By Adnan Rehmat
Pakistan offered Russia a “multidimensional strategic partnership” on the 70th anniversary of their diplomatic relationship on May 1, adding new depth to their entente in place of bilateral ties better known historically for its Cold War-era frigidity and borderline hostility. The offer builds on a bilaterally choreographed growth in political, security and trade ties between the two nations.
Two Pakistani prime ministers, Nawaz Sharif and incumbent Shahid Abbasi, have visited Moscow three times in three years and met President Vladimir Putin. There have also been several trips by former foreign minister Khawaja Asif and army chiefs Raheel Sharif and Qamar Bajwa to meet their counterparts in Moscow. Russia’s prime minister, foreign minister and senior military leadership were also in Islamabad during the same period to cement ties further, while an Islamabad visit by Putin is in the works. The deepening friendly relations now morphing into a strategic partnership were preceded by unprecedented tangible confidence-building measures.
Commercial ties have deepened: bilateral trade trebled to over $2 billion in three years, while Islamabad and Moscow agreed in December 2017 to ink a strategic energy accord for Russia to invest $10bn in the Turkmenistan-Afghanistan-Pakistan-India (TAPI) gas pipeline.
The two sides have also deepened their military co-operation. The Pakistani military conducted its first-ever joint anti-terrorism exercises in Russia in the fall of 2017; Russian generals embarked on their first visit to Pakistan’s tribal areas, where U.S.-Pakistani military operations against Soviet Union forces in Afghanistan were based during the 1980s, which resulted in the eventual defeat of Moscow; and Islamabad received its first batch of four Mi-35 advanced Russian attack helicopters last year.
Supported by Russia, Pakistan also became a full member of the strategic security platform of Shanghai Cooperation Organization in mid-2017, with Moscow and Beijing as its joint political core. Why the accelerated thaw in bilateral ties, which until five years ago was merely perfunctory in nature?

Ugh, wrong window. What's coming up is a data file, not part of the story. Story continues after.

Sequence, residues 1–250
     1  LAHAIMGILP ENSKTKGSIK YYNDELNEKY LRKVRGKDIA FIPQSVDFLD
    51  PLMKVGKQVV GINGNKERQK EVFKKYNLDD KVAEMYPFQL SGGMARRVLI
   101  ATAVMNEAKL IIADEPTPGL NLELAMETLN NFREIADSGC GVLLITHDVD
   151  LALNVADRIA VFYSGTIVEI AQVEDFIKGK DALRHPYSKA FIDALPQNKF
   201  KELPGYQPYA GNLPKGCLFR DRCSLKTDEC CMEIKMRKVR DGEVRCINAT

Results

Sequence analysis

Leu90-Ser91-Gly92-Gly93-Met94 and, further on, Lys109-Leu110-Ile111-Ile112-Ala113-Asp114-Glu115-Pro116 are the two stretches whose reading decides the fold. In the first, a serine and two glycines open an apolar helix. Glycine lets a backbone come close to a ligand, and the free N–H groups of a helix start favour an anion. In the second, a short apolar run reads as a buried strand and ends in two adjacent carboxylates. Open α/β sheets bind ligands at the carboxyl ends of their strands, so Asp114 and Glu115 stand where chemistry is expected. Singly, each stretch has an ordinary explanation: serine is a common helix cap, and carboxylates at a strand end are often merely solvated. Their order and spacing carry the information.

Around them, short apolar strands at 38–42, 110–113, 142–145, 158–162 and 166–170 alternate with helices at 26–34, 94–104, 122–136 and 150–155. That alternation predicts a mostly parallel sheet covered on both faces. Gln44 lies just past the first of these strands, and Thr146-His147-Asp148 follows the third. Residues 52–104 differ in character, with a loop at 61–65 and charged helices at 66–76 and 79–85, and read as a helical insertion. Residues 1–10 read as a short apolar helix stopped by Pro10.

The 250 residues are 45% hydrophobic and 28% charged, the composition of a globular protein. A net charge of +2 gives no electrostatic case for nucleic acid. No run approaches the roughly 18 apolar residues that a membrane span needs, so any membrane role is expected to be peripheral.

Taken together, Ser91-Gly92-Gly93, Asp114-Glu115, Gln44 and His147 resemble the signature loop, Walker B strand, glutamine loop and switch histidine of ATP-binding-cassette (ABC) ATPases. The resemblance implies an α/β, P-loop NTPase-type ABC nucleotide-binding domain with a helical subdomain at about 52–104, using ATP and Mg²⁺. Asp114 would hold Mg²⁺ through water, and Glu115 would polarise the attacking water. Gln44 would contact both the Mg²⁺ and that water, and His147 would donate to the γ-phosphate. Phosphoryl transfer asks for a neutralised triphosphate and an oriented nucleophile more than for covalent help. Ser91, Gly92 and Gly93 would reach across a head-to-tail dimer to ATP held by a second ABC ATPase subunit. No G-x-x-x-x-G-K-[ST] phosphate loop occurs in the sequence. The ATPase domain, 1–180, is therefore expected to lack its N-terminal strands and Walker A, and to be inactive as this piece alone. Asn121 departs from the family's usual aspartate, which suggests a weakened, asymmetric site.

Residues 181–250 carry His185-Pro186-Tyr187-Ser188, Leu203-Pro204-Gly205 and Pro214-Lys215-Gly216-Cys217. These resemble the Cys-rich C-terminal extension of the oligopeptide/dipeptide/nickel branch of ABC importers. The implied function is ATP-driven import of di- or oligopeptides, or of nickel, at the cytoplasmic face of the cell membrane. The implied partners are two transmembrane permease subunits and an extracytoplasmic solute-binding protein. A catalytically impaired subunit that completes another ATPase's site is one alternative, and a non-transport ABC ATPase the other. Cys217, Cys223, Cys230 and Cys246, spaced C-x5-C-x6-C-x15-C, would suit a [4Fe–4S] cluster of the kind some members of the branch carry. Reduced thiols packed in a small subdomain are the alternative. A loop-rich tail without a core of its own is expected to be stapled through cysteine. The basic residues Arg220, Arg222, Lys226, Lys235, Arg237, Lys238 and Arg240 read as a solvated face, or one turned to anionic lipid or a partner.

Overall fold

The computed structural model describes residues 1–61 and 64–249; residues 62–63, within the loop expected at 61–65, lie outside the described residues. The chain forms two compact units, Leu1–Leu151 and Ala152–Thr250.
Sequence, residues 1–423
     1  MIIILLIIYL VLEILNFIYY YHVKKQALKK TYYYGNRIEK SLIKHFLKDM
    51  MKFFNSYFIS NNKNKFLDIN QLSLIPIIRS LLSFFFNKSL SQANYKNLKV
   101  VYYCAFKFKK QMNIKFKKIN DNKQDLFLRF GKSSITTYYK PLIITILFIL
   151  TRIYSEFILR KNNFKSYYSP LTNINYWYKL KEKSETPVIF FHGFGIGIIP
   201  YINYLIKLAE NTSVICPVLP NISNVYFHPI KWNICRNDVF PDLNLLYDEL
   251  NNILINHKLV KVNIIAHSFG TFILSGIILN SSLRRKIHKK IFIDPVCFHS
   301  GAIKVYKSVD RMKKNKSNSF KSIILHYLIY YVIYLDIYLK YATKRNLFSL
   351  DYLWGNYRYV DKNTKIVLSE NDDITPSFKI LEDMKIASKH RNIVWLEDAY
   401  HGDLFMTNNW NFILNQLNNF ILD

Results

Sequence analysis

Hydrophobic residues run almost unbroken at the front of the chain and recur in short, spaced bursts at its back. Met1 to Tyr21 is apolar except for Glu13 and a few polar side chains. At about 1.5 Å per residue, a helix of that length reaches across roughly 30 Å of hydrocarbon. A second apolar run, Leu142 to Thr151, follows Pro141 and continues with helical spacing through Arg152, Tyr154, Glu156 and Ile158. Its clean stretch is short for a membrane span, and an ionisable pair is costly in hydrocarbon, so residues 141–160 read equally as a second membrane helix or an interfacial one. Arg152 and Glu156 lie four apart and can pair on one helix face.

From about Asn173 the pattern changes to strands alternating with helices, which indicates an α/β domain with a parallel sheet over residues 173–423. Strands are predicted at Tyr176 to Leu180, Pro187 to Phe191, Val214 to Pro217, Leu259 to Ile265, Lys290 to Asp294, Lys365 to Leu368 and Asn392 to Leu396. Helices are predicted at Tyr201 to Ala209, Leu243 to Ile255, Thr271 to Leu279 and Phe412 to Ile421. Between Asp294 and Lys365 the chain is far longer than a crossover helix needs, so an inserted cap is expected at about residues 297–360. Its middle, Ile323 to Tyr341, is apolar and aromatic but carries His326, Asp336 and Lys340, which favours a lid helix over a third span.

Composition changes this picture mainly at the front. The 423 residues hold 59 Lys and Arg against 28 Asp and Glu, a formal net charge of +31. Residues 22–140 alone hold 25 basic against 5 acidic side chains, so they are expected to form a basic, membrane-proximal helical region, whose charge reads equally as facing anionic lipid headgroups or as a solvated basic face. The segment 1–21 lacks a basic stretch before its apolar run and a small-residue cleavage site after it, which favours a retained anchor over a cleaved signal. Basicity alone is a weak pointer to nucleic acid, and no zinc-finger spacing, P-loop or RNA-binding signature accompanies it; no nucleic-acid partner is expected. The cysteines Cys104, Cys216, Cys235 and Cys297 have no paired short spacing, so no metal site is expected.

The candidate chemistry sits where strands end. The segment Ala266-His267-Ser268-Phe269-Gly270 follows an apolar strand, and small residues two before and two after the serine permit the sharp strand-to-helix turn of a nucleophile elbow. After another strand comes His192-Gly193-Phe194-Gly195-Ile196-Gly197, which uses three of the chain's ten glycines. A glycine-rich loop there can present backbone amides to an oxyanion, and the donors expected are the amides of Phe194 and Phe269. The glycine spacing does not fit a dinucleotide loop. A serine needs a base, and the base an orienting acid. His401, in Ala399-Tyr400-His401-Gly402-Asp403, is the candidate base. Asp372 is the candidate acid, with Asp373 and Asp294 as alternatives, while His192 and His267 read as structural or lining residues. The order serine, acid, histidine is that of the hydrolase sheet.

The answer lies in changing geopolitical realities in the broader Central and South Asian region. Nature, they say, abhors a vacuum – and more so if it is political. In the same period, India’s ties with the U.S. have transformed from lukewarm to strategic at the cost of watering down the erstwhile long-solid Moscow-Delhi relationship; a resurgent Putin has asserted a stronger security policy in Central Asia as a counterweight to the U.S.; while China has accelerated its $9 trillion One Belt-One Road economic and political integration of the broader region. Meanwhile, Islamabad and Washington have also fallen out over the future of Afghanistan and India’s role in it.
Improving political, business and cultural ties between Russia and Pakistan do not surprise anyone, but it is where their regional security interests converge that is raising eyebrows. At the core of this is the paradoxical American shift in the region: Washington has simultaneously grown weary of its security footprint in Afghanistan while a new U.S. president has altered the regional policy to enhance its presence and assertion of a military strategy in pursuit of a fuzzy endgame in Kabul.
Both states are clearly becoming lockstep in a common strategy of anti-US containment in Afghanistan. Pakistani Foreign Minister Khawaja Asif, during a visit to Moscow in February, emphatically reiterated Russia’s oft-repeated criticism of the long-running war in Afghanistan as a “monumental failure.” And in April, Pakistan’s Defence Minister Khurram Dastagir announced that Moscow had agreed to sell Islamabad its star Su-35 fighter jets and T-90 battle tanks. Both incidents show clearly that the bilateral strategic security partnership in the offing is set to become the salient feature of South Asia’s geopolitical environment for years, possibly even decades to come. Washington’s increasingly strident rhetoric and actions against Islamabad, plus a closer relationship with New Delhi with stated support for a deeper Indian role in Afghanistan, have pushed Pakistan towards Moscow. For Pakistan, a political bear hug with Russia not only encourages joint political possibilities in Afghanistan as Trump’s options are squeezed, it also represents a smarter strategy of limiting India in Kabul. From Islamabad’s perspective, the strategic partnership with Moscow is an extension of its existing lockstep strategic partnership with China.
The Russo-Sino-Pak triangle is syncing by the day. Since Pakistan’s nuclear arsenal represents its security deterrence against a nuclear India, with whom it has fought three wars, strategic partnerships with the other two nuclear powers – Russia and China – helps increase its nuclear alliances in the neighborhood. It not only gives Pakistan a greater sense of strategic security cover but also greater clout in regional geopolitics.
(The author Adnan Rehmat is a Pakistan-based journalist, researcher and analyst with interests in politics, media, development and science. Twitter: @adnanrehmat1)